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Published August 25, 2011

Five months into the 3DS’ life cycle and we’re already hearing rumors of a drastically reduced emphasis on its eponymous glasses-less  gimmick. Yikes. 3D handheld gaming was supposed to be the future, and now some are predicting it won’t last beyond another year. As we and many others have discussed, Nintendo’s scrambling to turn its 3DS fortunes around this holiday, and thanks to that pesky iOS platform, a massive price drop and Mario might not be enough this time. Even as an ardent fan, when I’ve got a few minutes to kill, I’m more likely to turn to Cut the Rope‘s froggy creature than I am the famous plumber, and that’s a reality that Nintendo can’t ignore any longer. But short of a hardware relaunch – and again, that’s supposedly on the table – how exactly is the 3DS to compete? I still say that the secret weapon has been available since the beginning: StreetPass.

When the 3DS debuted, you may recall that most reviewers were more taken with the numerous bells and whistles than they were with early software like Pilotwings and Steel Diver. Between the AR Cards, Face Raiders, 3D photos, SpotPass and more, the general consensus was that these apps would offer limited replayability but maximized laughs. However, the one feature that seemed like it could have legs beyond the novelty phase was StreetPass. Because this function is always on, and because developers can tailor it to fit all sorts of game types, there’s a lot of potential for passive interaction between users. Street Fighter IV and Nintendogs + Cats used it in pretty meaningless ways, but like the old Game Boy’s link cable port or the Xbox 360’s achievements, StreetPass seemed like it could end up being the most integral feature you never knew you needed. Luckily, as someone who has used it extensively during my daily commute, I think it still can.Nintendo president Satoru Iwata has said in interviews that one of the company’s major failings was not educating the public about the benefits of the 3D display, and going a bit further, about how the 3DS is different from the DS. The added visual depth is still cool in this blogger’s book, but the bigger misstep has been failing to educate the public – and developers – about why StreetPass is not just another worthless tag mode. The initial way to do so is to push the Mii Plaza games.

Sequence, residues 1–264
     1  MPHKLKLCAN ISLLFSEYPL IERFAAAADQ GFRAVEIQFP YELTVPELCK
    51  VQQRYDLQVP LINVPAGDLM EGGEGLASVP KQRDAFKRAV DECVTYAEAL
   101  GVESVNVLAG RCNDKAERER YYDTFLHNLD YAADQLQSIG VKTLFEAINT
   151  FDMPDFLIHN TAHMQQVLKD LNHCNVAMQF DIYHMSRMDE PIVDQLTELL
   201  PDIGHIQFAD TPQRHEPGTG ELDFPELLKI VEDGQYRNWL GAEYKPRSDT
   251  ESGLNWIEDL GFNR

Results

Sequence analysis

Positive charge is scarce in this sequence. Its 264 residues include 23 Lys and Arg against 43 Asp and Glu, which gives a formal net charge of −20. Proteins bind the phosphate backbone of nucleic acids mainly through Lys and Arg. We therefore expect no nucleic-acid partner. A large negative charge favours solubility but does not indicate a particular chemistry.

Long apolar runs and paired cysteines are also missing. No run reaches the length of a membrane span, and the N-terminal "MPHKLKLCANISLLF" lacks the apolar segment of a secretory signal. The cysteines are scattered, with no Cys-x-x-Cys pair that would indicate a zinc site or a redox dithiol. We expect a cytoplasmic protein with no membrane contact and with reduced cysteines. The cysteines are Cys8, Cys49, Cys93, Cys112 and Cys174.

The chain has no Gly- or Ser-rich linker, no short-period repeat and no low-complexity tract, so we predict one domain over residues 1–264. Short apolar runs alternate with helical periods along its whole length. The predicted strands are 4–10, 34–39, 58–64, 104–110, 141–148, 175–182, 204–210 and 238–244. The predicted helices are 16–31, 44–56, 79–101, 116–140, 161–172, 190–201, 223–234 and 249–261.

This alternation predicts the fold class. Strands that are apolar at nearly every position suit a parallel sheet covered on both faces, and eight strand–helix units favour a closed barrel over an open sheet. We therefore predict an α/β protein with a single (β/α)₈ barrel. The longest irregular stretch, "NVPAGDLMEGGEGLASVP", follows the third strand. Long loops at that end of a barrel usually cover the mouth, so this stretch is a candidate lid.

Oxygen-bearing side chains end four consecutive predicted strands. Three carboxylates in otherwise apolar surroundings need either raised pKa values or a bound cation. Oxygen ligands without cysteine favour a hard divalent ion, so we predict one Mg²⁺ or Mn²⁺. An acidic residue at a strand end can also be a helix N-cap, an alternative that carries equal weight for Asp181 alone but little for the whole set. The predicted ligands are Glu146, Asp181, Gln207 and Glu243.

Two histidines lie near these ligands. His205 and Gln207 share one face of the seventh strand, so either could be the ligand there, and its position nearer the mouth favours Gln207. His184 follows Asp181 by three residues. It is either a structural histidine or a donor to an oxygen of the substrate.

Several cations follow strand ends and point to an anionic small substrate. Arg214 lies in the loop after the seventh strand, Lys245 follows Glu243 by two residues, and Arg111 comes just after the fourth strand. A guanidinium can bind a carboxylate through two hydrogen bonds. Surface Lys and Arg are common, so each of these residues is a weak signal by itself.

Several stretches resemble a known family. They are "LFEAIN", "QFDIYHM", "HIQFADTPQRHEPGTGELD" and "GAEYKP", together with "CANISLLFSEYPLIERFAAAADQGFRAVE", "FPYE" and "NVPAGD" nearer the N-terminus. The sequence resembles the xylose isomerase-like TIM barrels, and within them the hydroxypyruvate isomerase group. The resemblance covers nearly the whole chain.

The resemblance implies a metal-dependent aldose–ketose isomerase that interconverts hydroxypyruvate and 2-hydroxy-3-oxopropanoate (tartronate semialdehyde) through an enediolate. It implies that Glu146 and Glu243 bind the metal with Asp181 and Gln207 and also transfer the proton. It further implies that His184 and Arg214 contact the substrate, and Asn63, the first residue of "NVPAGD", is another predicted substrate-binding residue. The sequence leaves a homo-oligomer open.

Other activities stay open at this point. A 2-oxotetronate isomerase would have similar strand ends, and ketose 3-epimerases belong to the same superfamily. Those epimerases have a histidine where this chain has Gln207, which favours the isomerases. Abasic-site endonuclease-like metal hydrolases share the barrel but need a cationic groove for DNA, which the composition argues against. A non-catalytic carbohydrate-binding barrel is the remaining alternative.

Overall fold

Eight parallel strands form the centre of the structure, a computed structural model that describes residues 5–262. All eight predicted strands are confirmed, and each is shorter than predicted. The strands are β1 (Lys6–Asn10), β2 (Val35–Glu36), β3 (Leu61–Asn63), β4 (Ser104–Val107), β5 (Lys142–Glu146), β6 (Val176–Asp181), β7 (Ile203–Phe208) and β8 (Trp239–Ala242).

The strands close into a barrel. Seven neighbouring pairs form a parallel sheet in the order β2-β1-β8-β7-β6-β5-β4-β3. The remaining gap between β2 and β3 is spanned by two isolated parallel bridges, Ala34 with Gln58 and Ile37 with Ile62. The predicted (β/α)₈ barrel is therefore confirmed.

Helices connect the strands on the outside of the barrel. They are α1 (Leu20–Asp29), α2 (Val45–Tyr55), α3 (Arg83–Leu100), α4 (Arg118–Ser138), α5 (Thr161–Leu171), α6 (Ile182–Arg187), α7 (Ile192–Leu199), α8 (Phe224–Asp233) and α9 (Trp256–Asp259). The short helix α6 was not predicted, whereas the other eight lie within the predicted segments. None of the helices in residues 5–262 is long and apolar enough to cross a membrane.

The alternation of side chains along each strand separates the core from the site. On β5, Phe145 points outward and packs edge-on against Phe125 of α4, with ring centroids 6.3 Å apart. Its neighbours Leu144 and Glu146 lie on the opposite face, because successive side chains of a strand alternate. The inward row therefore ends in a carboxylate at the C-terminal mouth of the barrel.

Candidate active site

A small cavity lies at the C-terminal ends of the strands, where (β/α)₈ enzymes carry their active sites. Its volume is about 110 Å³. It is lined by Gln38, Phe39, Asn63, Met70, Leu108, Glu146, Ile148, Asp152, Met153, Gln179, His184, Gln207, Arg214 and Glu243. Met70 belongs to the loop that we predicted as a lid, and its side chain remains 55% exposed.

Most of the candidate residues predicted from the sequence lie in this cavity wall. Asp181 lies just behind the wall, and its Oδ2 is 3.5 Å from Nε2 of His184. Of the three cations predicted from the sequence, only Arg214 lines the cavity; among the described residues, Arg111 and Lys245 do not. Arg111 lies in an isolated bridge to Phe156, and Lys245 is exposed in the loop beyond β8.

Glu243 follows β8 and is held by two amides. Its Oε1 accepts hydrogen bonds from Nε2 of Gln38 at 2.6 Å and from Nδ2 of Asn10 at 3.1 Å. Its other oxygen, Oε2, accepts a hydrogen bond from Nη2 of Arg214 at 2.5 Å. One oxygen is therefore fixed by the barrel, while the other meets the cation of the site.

I began my own Mii Plaza quest back in May, stuffing my 3DS in my front pocket so that it could broadcast my funny hats to the world. Mii Plaza is designed to let you show of your Mii and very simplified gamer profile with those around you. There are two games within – a puzzle collection quest and gaming’s simplest RPG. It’s a far cry from Words with Friends, but it was enough to get me to charge my 3DS every night for a few consecutive months.

It should be noted that my experience is not at all typical; I live in New York City, one of the most bustling cities in the world with one of the most widely used public transportation systems in the world. I hope that my experience would be the ideal that more of you would get to experience as the handheld’s sales rise. Regardless, I found myself entranced by the puzzle exchange half of the game early on. The game is about a collective experience. Unlike Street Fighter IV‘s trophy mode, you aren’t trying to show off how awesome you are by clobbering people with your all-Rufus lineup. You share pieces with each other to create 3D images of your favorite Smash Bros., and if someone has more pieces than you, that just raises the likelihood of finding a sliver of Yoshi that you don’t already have. It’s passive cooperative gameplay, and it was great to think that I was helping others as much as they were helping me. I completed that one back in June – thank you Ocarina 3D launch event – and have been happily helping the occasional passerby ever since.